In the mid-1950s William Turnbull bought a number of rare rosewood logs, which he kept in his studio, stood upright like sentries. Between 1955 and 1962 he produced a seminal sequence of stacking sculptures in various combinations of stone, bronze and rosewood, in which the original form of the logs were often barely modified. These works echoed the scale and presence of the human body in space whilst drawing on abstracted, simplified forms. Placed directly on the ground, the notion of a ‘base’ was eliminated, each sculpture existing within the sphere of human activity, their scale relative to, and reliant upon, the position of the spectator.
In the catalogue for Turnbull's 1973 Tate Gallery retrospective, curator Richard Morphet described this series as having reached a “high point of silent expressive intensity" noting how these works "focus and embody the idea of human activity (both of sculptor, and of past, present and future spectator/participants)", resembling “portals or altars and, more strongly than ever totems.” . The otherworldly names Turnbull gave to these objects - Agamemnon, Lama, Janus, Oedipus - underlined his sense of them as ‘person-objects’, explaining in 1963 that these forms ‘stand substitute for’ and are not ‘abstractions from’ the human figure. 
The bronze top section of Lama was clearly made at an earlier stage as it is marked with the artist's stamp and dated 1957. Turnbull made a number of heads around this period and this is likely to be one of these turned through 90 degrees.
This work was acquired by the gallery directly from the collector Betty Freeman. Offer Waterman first became aware that she owned the sculpture having spotted it in David Hockney's famous portrait of Freeman, 'Beverley Hills Housewife', 1966-7. Betty Freeman collected Abstract expressionist painters such as Clyfford Still, Sam Francis and Mark Rothko and Minimalist sculptor Dan Flavin and Lama was a rare British work in her collection, which she had bought from Felix Landau around the time Hockney began her portrait. Freeman was also an important supporter of experimental composers such as Steve Reich and John Cage. Just as we see in Hockney's painting, Lama was indeed kept outside, near the swimming pool, for many years but it remained in remarkably good condition thanks to California's sunny climate.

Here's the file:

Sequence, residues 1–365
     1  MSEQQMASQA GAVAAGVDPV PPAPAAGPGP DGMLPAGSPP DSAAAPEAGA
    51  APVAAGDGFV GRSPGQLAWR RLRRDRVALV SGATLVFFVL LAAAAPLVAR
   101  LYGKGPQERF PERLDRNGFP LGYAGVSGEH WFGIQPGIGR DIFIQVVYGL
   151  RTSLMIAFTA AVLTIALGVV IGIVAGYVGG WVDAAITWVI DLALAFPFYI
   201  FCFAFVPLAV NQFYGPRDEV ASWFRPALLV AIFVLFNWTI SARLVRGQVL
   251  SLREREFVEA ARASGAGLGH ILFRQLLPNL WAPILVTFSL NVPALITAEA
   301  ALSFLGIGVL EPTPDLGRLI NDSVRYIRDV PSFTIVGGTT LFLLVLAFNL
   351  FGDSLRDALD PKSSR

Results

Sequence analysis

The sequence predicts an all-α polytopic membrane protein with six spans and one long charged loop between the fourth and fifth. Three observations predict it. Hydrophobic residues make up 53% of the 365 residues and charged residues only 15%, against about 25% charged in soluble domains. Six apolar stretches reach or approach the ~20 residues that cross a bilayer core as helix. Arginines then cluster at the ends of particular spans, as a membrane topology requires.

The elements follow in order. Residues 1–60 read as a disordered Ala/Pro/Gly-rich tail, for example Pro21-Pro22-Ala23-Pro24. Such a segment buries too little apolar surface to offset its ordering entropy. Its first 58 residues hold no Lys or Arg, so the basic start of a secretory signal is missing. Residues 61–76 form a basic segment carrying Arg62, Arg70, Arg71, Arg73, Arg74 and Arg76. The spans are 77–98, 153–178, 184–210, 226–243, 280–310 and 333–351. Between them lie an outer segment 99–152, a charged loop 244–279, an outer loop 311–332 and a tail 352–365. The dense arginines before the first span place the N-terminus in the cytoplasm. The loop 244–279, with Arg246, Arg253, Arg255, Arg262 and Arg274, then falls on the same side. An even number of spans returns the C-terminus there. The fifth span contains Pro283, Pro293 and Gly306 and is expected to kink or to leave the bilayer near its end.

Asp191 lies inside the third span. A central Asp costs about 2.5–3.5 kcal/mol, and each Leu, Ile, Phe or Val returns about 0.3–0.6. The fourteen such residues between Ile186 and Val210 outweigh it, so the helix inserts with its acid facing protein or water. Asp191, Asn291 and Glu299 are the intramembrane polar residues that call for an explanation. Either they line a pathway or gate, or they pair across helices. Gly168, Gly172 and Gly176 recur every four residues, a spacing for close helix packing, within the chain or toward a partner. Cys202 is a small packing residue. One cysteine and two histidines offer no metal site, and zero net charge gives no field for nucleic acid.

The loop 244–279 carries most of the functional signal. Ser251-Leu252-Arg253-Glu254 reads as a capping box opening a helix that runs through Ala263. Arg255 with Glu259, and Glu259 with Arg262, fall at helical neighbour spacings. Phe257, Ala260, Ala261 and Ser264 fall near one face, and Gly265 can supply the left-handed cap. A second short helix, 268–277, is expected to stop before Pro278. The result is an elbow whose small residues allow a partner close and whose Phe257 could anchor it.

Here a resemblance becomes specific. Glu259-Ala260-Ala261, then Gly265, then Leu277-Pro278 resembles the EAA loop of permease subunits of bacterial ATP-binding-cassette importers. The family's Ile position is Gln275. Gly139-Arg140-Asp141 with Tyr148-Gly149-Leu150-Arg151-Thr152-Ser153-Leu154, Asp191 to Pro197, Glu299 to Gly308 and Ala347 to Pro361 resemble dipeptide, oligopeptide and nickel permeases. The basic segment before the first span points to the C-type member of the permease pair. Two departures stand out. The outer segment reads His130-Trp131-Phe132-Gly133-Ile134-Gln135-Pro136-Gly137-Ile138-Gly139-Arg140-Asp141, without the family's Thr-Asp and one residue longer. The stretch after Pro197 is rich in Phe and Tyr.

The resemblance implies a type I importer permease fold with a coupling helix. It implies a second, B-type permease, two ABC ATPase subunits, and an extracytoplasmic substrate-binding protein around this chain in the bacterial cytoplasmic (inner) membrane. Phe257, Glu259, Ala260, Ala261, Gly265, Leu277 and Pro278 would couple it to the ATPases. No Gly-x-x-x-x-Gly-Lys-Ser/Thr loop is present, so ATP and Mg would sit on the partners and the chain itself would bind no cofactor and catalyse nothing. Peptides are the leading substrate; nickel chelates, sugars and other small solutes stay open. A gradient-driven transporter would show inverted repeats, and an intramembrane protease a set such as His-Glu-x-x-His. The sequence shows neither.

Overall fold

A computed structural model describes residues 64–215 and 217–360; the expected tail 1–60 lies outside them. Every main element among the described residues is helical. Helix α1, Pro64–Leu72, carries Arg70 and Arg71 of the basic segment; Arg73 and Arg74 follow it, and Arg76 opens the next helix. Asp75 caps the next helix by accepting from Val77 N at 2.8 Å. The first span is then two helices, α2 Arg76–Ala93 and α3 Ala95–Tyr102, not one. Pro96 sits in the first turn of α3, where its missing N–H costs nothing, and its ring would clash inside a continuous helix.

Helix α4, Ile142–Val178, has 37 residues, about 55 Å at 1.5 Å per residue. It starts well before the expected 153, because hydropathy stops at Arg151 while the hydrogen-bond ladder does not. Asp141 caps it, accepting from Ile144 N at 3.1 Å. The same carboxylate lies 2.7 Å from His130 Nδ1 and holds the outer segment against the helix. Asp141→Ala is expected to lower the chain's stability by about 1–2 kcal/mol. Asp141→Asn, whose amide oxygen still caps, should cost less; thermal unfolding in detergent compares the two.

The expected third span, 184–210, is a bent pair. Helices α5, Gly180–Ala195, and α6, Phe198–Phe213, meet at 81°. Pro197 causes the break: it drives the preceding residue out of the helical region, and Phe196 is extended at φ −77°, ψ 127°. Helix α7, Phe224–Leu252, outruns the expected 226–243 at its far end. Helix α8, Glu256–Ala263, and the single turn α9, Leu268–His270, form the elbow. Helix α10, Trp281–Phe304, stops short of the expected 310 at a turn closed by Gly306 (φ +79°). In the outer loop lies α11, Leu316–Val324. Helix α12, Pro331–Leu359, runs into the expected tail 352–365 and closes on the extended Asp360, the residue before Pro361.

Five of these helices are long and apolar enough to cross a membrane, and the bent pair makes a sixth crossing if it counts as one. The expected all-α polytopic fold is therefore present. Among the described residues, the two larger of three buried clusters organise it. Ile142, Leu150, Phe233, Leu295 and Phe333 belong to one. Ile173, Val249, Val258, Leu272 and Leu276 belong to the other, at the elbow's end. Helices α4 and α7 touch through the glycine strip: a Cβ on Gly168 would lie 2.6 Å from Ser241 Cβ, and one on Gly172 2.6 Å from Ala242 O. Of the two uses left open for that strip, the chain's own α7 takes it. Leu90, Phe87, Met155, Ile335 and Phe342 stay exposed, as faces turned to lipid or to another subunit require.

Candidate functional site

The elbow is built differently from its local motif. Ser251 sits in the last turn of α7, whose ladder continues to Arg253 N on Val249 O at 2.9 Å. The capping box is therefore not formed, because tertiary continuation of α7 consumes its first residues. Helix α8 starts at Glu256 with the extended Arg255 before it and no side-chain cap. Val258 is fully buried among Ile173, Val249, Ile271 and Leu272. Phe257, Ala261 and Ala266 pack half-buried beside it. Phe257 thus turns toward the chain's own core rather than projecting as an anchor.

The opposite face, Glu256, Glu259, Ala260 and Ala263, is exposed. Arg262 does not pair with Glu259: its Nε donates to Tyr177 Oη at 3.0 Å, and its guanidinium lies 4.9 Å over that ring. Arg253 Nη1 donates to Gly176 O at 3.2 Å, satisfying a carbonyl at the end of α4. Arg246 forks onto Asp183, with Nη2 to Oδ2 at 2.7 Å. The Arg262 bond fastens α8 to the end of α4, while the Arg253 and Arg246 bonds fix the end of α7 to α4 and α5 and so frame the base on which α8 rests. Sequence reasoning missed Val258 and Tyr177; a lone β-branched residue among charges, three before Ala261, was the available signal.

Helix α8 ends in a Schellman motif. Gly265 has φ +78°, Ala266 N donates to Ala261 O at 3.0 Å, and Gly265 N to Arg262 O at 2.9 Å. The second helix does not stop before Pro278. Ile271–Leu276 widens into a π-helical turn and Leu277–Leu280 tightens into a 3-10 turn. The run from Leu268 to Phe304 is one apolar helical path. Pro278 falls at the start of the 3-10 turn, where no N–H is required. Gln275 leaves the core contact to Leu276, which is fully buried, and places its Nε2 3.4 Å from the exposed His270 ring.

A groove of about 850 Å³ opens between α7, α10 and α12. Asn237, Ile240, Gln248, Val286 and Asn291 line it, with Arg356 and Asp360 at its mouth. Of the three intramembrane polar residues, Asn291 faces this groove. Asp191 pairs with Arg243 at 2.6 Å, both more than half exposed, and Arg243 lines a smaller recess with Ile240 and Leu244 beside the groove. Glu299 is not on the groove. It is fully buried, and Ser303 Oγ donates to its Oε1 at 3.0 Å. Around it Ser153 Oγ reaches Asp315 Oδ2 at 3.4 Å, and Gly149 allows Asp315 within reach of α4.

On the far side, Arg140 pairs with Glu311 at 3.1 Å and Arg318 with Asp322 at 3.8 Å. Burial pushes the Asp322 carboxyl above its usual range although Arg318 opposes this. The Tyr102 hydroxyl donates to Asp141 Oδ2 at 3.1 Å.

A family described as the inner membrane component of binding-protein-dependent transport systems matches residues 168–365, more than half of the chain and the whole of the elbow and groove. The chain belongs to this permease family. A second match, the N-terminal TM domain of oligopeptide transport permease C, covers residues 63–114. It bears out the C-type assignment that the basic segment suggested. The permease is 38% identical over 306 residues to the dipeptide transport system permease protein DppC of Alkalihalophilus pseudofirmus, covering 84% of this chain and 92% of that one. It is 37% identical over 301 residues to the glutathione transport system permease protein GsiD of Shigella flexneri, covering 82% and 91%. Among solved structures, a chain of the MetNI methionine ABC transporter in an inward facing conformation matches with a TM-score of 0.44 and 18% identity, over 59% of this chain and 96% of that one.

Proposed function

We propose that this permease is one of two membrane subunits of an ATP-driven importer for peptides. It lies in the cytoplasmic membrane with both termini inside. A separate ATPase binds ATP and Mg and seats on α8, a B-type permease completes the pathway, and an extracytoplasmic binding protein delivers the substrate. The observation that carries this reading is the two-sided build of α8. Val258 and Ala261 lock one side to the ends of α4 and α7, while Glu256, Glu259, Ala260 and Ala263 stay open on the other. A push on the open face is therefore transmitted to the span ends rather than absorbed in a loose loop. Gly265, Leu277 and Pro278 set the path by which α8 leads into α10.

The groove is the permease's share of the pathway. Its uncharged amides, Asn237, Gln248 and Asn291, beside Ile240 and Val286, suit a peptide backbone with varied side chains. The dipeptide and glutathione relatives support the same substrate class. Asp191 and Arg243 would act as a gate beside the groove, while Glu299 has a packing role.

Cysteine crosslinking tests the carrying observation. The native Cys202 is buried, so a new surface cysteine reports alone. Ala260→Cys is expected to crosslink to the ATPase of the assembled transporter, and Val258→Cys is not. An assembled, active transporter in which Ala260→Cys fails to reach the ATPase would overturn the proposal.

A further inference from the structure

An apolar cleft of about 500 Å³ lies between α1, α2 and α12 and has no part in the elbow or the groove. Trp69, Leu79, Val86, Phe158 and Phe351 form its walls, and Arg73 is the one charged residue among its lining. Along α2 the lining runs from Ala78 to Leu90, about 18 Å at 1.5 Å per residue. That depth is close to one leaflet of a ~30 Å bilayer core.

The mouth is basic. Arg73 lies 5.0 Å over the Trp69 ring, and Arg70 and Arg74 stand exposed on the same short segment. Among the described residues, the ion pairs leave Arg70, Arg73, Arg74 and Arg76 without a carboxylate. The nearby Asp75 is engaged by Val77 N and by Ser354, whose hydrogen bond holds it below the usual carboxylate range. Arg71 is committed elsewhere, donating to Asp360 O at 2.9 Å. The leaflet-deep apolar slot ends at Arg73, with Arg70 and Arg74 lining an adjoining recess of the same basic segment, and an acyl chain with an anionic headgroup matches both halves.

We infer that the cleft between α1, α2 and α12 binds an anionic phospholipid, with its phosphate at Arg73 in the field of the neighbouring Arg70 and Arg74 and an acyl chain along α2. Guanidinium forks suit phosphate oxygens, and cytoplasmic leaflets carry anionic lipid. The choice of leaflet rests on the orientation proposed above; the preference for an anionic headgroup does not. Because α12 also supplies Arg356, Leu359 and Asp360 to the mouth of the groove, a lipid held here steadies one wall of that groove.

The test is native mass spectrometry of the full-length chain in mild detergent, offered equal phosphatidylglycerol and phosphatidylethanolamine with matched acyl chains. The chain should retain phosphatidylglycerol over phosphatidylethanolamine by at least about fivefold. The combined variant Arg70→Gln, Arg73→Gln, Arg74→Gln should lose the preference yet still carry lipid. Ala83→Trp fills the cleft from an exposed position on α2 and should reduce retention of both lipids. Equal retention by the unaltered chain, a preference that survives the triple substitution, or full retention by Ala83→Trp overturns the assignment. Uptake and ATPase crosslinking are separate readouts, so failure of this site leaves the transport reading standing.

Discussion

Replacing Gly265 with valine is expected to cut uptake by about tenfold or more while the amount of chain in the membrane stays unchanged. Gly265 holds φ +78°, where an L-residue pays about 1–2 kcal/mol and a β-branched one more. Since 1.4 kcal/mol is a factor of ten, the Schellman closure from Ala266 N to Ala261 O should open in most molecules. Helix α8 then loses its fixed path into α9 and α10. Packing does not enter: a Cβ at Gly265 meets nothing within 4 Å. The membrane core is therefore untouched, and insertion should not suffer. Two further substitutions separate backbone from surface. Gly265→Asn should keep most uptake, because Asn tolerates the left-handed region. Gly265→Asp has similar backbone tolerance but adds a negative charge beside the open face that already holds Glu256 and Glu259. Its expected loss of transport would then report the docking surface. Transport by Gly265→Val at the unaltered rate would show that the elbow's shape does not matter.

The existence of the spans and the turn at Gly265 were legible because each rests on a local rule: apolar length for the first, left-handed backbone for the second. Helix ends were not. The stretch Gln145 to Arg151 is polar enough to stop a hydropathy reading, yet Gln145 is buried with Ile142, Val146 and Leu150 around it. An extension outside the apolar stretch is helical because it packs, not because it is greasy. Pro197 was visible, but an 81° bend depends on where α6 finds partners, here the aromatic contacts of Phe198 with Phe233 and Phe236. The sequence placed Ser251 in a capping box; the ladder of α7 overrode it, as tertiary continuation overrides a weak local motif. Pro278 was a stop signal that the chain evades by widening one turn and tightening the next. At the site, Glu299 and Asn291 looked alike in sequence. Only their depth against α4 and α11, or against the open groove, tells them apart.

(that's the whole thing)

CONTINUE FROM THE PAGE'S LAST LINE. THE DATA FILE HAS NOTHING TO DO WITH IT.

Richard Morphet, ‘Introduction,’ William Turnbull, Sculpture and Painting, exhibition catalogue, Tate Gallery, London, 1973, p42  The artist, ‘Images without Temples,’ Living Arts, ed. Theo Crosby and John Bodley, 1963, p15)
The Artist Felix Landau Gallery, USA Private Collection, USA
Offer Waterman, London
Private Collection, UK
Balboa, California, Pavilion Gallery, William Turnbull: Sculpture and Paintings, 13 March - 24 April 1966, cat no.9 illus b/w Los Angeles, UCLA Art Galleries, Twentieth Century Sculpture from Southern California Collections, 27 February - 14 April 1972, illus
Herbert Read, Modern Sculpture: A Concise History, Thames & Hudson, London, 2001, cat no. 204, illus colour p 193, first published in 1964 as A Concise History of Modern Sculpture Amanda A. Davidson, The Sculpture of William Turnbull, The Henry Moore Foundation, Much Hadham, in association with Lund Humphries, Aldershot, 2005, cat no.108, illus b/w p114
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